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By Nimra Khan | 10/29/2017 12:00:00 AM
The strength of any artistic endeavour lies in its ability to force our attention towards the ordinary and to transform it into something extraordinary. In Koel Gallery`s show Super Duper Perspective, curator and artist Muhammad Zeeshan brings together artists who tell us stories from their everyday lives and present their unique perspective on their ordinary surroundings in exciting new ways.

It is not uncommon for certain spaces and objects in our lives that are seemingly inconsequential to gain special significance due to certain associations that go along with them. Ayesha Naveed`s work operates on this idea, documenting the mundane activities surrounding a sofa typically occupied by her father whom she idolises. The works read much like a study of this space and the people that occupy it, focusing more on their activities rather than their identities, finding a certain solace in their daily rituals.

Jovita Alvaris`s work also focuses on the documentation of a space, but for her this is in a much wider sense, encompassing her neighbourhood where she has grown up.

Again she focuses on the mundanity she witnesses each day in various areas that she passes through, in this case, life around a park in that area. The repeated images spread out unevenly across the frame displays aninteresting perspective, almost like a fleeting image viewed from a speeding car, fading slowly, yet barely comprehensible, ingested only in essence. It is reminiscent of all those images we pass by during our daily commute, barely noticing the activities that make up our everyday environment, creating what we perceive as `normal.

Razin Rubin also portrays mundanity but her focus is more on storytelling, coming from her experience within a close-knit family in Sukkur ritualistically sharing the day`s events with each other. After the death of her parents, the act of documenting her day has taken on a symbolic form, acting as a way to connect with her loved ones and honour them. Her dreamy watercolours portray everyday familiar scenes which serve as distractions for her from her loneliness.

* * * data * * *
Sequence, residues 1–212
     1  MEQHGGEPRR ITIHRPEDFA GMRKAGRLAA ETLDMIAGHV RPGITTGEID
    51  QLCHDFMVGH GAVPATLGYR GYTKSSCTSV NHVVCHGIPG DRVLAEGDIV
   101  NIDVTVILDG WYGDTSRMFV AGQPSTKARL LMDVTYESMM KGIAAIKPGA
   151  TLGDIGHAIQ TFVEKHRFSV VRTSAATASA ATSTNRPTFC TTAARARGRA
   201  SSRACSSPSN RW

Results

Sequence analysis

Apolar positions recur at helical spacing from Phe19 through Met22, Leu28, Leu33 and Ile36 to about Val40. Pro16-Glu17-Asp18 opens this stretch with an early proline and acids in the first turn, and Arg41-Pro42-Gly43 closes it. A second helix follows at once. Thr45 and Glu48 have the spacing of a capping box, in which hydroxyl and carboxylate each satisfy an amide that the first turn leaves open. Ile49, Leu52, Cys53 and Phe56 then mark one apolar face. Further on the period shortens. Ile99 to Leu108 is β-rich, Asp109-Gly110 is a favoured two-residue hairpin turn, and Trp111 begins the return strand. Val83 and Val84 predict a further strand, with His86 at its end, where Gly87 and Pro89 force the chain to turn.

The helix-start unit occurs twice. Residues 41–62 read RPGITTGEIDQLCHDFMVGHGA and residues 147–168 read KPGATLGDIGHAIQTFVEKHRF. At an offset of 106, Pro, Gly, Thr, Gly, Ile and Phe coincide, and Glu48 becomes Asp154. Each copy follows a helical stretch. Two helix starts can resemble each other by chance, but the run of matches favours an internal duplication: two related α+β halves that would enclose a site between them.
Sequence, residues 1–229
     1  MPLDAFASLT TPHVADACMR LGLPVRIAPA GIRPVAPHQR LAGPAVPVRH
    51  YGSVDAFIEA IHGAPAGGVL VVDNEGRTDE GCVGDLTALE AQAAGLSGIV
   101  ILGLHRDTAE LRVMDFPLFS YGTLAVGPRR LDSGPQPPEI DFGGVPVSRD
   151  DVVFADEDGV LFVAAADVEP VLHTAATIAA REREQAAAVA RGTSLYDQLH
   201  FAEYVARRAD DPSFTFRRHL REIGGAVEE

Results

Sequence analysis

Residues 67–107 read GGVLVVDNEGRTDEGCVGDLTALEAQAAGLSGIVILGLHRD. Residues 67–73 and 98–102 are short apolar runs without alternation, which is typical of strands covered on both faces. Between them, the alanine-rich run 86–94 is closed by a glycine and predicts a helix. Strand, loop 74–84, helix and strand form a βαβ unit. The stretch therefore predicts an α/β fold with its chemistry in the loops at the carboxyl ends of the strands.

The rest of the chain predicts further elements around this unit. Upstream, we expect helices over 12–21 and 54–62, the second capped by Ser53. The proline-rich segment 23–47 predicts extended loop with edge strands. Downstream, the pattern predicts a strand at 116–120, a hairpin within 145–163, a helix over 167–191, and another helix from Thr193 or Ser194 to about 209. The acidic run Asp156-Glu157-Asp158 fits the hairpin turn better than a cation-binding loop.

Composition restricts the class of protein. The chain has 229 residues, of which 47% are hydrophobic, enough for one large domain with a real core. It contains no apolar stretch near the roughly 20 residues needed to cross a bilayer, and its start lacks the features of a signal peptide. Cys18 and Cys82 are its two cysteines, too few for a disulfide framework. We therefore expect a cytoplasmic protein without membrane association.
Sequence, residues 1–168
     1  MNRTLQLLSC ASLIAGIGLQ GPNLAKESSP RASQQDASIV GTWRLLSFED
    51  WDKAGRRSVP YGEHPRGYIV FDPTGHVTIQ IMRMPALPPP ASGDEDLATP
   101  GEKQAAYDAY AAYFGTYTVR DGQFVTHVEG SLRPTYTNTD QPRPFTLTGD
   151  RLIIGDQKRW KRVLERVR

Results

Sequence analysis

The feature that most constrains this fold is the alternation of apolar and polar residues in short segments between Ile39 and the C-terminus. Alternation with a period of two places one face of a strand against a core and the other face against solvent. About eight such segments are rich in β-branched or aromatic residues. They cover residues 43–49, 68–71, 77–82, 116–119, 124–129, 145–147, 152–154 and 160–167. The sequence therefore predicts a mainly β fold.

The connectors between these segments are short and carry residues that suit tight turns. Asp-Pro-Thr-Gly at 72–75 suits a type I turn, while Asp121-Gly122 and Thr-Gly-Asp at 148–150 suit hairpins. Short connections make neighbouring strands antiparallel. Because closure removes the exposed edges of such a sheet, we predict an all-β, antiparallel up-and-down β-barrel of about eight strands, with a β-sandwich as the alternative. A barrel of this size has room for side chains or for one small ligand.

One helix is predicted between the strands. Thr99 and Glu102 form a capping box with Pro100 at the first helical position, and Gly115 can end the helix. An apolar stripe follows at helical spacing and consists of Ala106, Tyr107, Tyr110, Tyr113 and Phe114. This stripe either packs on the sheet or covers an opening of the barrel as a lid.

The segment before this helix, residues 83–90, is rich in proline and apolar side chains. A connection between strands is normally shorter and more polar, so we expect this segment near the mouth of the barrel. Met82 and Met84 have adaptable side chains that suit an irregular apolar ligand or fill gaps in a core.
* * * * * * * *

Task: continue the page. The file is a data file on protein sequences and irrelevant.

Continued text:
Zoila Solomon has an interesting take on art history and pop culture. She replaces characters from old Renaissance paintings with current pop culture icons. Her work is expressive across multiple layers, not only raising comparisons between two different eras and their subsequent cultural ideals, but also raising these pop icons to the status of high art, while devaluing famous works from art history by reproducing them in print.

Through the advent of social media these images have become so easily available in homes much like these pop icons, instead of existing only n galleries or museums as they previously were.

Noshad Ali Khan`s work is the most visually removed from the rest, with a more abstract and geometric approach. His freehand patterns and grids are far from perfect, providing a human quality to them.

They are an attempt to bring order into a chaotic world, an attempt to better understand it perhaps, yet the overlapping repetitions seem to create more convolutions, painting life as messy and human nature as complex and fickle.

The show makes us look at the ubiquitous spaces, moments, people and activities from a new grander perspective. The artists infuse meaning into these seemingly ordinary scenes, putting them in unfamiliar contexts to glean from them greater significance, creating an exciting experience for the viewer in the process.

`Super Duper Perspective` was on display at Koel Gallery in Karachi from September 26 till October 6, 2017